PERFORMING OPERATION PEDRO PAN
The following is a description of my current manuscript, Performing Operation Pedro Pan, an in-depth examination of performances associated with the U.S.-Cuban Operation Pedro Pan Exodus. Because my mother was one of the 14,000 unaccompanied children who migrated to the U.S. on those flights, this research is both a personal and professional exploration. It remains a lifelong project.
< My mother's 1961 passport photo featured in this advertisement for a public forum I curated for the NYC Mayor's Office of Immigrant Affairs's 2008 Immigrant Heritage Week. The Pulitzer prize-winning playwright Nilo Cruz and other luminaries collaborated to make this event possible.
ABSTRACT of PERFORMING OPERATION PEDRO PAN
by KIMBERLY DEL BUSTO RAMÍREZ, PH.D.
From 1960 to 1962, more than 14,000 unaccompanied minors took flight from Cuba to the United States, establishing the largest recorded exodus in the Western Hemisphere. Now, more t han four decades later, Operation Pedro Pan persists through a revealing body of performance by and about a nation’s exiled children. This manuscript examines work created by artists about those flights, revealing performance as a primary, ongoing strategy taken on by these exiles in attempting to resolve the displaced child self.
The author, Kimberly del Busto Ramírez, is the daughter of a Pedro Pan exile. Ramírez's moth er, aunt, and uncle--Marta, María Cristina, and Fernando del Busto--were three of the 14,048 children of Operation Pedro Pan. Others include artists Ana Mendieta and María Brito, playwrights Eduardo Machado and Mario Ernesto Sánchez and musicians Willy Chirino and Lissette. Performing Operation Pedro Pan focuses on thes e artists and others, including Nilo Cruz and Melinda López, who write about the exodus as close relatives of its exiles.
The Pedro Pan exodus establishes a highly specified class of exile, dividing further the "1.5 generation" of Cuban-Americans defined by Rubén Rumbaut and Gustavo Pérez Firmat. Migrating alone, Pedro Pans express feeling their lives have been forever interrupted, with childhood essence lost. Performances reveal a struggle to recover not only Cuba, but also childhood, the parents from whom they were separated, and finally the agency of which they were deprived in formulating such a drastic departure. Plays often delineate fragmented, searching, disconnected characters and unresolved narratives. Settings refuse static locales, shifting between, or taking place in liminal or labyrinthine spaces defying any circumscribed locus—they are landless,desterrado, like their wandering inhabitants. Pedro Pans often produce autobiographical characters who, "unfinished," attempt to recover lost spaces and time from a vanished adolescence. The sculptors, playwrights, and performers investigated in this book compose a Cuba that can be neither lost nor recovered for Pedro Pans, but remains an impenetrable illusion, like the restless, liminal condition of lifelong exile.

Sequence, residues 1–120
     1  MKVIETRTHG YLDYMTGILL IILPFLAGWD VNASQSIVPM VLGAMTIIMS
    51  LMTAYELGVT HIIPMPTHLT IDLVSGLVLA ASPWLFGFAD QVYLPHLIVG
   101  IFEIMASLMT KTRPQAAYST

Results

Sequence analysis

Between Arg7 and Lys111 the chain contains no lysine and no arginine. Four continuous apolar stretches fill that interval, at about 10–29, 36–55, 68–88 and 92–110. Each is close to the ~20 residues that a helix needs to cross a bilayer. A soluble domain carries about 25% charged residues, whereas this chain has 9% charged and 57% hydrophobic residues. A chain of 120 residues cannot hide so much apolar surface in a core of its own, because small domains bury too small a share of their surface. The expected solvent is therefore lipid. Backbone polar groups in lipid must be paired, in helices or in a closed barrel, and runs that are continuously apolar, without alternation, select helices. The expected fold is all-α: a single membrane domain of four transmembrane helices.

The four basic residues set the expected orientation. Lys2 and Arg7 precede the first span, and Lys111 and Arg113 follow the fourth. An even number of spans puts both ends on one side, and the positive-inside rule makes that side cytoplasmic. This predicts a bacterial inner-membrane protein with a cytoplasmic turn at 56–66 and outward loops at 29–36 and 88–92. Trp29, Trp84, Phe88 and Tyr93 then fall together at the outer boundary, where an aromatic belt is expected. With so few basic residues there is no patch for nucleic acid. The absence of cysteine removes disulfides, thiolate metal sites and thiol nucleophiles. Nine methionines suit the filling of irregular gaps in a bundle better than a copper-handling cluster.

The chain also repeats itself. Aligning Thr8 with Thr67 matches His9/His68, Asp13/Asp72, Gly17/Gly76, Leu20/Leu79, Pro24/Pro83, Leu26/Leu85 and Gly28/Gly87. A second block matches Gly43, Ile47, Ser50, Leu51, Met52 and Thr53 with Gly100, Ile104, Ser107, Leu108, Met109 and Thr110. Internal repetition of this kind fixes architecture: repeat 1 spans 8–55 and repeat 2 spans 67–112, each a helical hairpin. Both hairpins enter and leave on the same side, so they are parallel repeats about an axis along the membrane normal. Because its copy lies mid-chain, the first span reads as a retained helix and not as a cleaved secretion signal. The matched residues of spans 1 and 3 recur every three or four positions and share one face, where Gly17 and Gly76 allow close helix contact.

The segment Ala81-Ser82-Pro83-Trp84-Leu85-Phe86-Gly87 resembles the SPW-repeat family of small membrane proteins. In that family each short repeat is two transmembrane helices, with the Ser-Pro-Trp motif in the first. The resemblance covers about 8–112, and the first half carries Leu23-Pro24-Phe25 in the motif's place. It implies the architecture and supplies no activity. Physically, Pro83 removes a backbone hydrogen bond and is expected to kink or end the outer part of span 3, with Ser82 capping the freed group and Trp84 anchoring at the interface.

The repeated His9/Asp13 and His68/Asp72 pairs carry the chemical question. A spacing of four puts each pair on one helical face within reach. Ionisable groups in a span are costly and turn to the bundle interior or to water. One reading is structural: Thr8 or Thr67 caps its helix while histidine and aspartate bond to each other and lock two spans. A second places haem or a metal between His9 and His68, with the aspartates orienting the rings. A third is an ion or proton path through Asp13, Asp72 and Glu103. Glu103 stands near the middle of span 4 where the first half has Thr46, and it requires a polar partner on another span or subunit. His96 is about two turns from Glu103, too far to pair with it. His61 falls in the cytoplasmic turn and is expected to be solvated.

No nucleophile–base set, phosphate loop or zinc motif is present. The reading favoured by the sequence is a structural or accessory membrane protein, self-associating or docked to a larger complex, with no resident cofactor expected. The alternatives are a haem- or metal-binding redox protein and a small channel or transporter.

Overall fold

Contact the Author: email@example.com
In 2007 I curated THE LOST APPLE PLAYS: Performances from the U.S.-Cuban Operation Pedro Pan Exodus at the Martin E. Segal Theatre, featured in the New York City Mayor's Office for Immigrant Affairs annual Immigrant Heritage Celebration.
Pictured (Left to Right): NYC Mayor's Office of Immigrant Affairs Commissioner Guillermo Linares, Pulitzer Prize winning dramatist Nilo Cruz, actor Frank Robles, performance artist Carmelita Tropicana (Alina Troyano), playwright Melinda Lopez, actress/writer Carmen Peláez, actor Felipe Gorostiza, actress Glenda Pezuela, actor Gilberto Arribas, actor Jason Ramirez. Front: myself (left) and actress Miriam Cruz (right).